Helping lead East St. Louis High School to the school's seventh state championship, Appleton recorded 657 receiving yards and 10 touchdowns, helping his team score an average of 46.4 points per game. A year earlier, Appleton grabbed 50 catches for 1,000-plus yards and 16 touchdowns, making him one of the most sought-after receivers in the Midwest.
In East St. Louis, the pressure to play for the home-state Illini is tremendous, as orange and blue clothing is as well noticed as the crime and poverty that line the city. Teammate and fellow wide receiver Terry Hawthorne committed to the Illini and many thought Appleton would follow suit, especially since he gave the Illini a soft verbal commitment last August.
But with every trip the Wisconsin coaching staff made to his home or phone call, Appleton became positively influenced by the support and dedication the recruiting team of DelVaughn Alexander, Dave Doeren and Randall McCray had given him.
"There was a lot of pressure to play for Illinois," said Appleton, who addressed the media for the first time since August 15, 2008. "During the whole recruiting process, the University of Wisconsin coaches were always talking to me – making sure I was on top of my grades, that school was going OK, things away from the field were good and just to check up on me. They supported me real well."
That support became evident as soon as Appleton came to Madison in June.
A couple of days after graduation, Appleton left East Saint Louis and arrived on June 12th in Madison to start his summer conditioning program. Back home, Migueal Paulette, Appleton's 17-year-old best friend who was planning on attending Syracuse after a year in junior college, was pumping gas at a local station when a stranger approached him, asking him for some money.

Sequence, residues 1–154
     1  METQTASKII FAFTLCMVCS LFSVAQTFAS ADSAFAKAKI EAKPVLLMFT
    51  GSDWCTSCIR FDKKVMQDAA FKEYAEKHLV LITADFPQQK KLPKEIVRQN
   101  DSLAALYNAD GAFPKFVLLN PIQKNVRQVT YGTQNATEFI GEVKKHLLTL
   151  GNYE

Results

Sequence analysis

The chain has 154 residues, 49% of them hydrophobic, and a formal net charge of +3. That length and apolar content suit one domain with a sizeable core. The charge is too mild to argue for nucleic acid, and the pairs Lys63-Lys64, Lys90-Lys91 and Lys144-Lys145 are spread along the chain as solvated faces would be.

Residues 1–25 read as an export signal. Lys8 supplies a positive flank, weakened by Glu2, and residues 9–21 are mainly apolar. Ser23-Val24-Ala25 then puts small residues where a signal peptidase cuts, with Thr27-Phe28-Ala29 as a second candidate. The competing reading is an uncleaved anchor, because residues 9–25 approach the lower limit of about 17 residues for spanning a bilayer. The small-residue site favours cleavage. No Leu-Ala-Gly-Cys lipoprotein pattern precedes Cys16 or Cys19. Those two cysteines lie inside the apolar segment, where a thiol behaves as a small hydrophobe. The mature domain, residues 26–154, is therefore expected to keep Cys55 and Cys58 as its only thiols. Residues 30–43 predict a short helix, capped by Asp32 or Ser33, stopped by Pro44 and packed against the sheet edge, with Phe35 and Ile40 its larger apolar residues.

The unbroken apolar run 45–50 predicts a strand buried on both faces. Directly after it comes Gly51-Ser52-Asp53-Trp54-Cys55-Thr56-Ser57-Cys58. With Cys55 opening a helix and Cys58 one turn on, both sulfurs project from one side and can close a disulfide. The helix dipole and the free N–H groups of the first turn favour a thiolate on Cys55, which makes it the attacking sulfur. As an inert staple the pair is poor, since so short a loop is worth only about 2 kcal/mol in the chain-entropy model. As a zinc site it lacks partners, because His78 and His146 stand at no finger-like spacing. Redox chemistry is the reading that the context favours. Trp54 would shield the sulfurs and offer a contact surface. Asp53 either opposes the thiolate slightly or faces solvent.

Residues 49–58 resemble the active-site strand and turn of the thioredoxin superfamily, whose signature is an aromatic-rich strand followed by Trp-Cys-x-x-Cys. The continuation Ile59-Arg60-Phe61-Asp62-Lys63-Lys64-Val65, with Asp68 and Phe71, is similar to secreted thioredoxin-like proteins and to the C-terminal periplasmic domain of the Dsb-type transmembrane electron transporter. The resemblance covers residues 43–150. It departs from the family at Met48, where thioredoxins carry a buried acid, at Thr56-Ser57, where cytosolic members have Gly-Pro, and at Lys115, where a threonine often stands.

According to Appleton, Paulette said he did not have any money and returned to his vehicle. Before Paulette could leave the gas station, the assailant fired multiple rounds into the car, striking Paulette in the head.
Paulette was pronounced dead at Kenneth Hall Regional Hospital, just one day after Appleton left for Madison. A month later, police arrested a suspect in the crime, but Appleton was still left with a void in his life.
"It was hard at first, adjusting to the tragedy that happened," Appleton said. "Him being the good friend he was, he would want me to pursue my football dreams, go on with my life and never forget the good times and the friendships we have. I use all that to motivate me on the field and I am doing a good job at that."
Thanks to his new coaching staff and teammates, Appleton has made the adjustment. When his teammates found out about his personal turmoil, there was hardly a night when Appleton didn't get a call or text from a Badger upperclassman, inviting him out to dinner or just hanging out to help him get adjustment to his new environment.
"I come from a predominantly black society and coming up here was a big transition," Appleton said. "The guys knew the background I was coming from, that I was dealing with death, and they just welcomed me with open arms, showing me the great city of Madison. Once I got to know them, they weren't that bad."
Thus far, it's Appleton that hasn't been half bad, as the 6-foot-3, 202-pound wide receiver has not only impressed players and coaches with his demeanor, but his ability to make plays in traffic and have a natural feel for the position, two things that will be a welcomed extra addition to UW's receiving fold.
"Kraig is a very athletic kid," senior quarterback Dustin Sherer said. "He's a big body. He's come in and he's learning fast. I think that is huge for us. If he can just keep doing that, that's something that he might be able to go out and do this year. If not, he'll be really good in the future."
The only thing that has seemingly slowed Appleton's transition this season is a tweaked hamstring, which will keep him from practicing over the next three-to-four days, but isn't anything that will keep me sidelined for long.
Adjusting to the rigors of college camp and adjusting to a new environment, Appleton's goals have been simple in his first year – stay humble, follow instructions, learn the playbook and keep focused on football.
More importantly, he is focused on what his time at the University of Wisconsin can do for him.
"I am staying focused, knowing what path I want to chose for my life instead of just going back home," Appleton said. "Hopefully by the time I graduate, become a more productive person, a better person and make an impact. I am just a freshman and I am trying to compete with the older guys. I feel I am doing a pretty good job of that. I want to help those guys win a Big Ten Championship."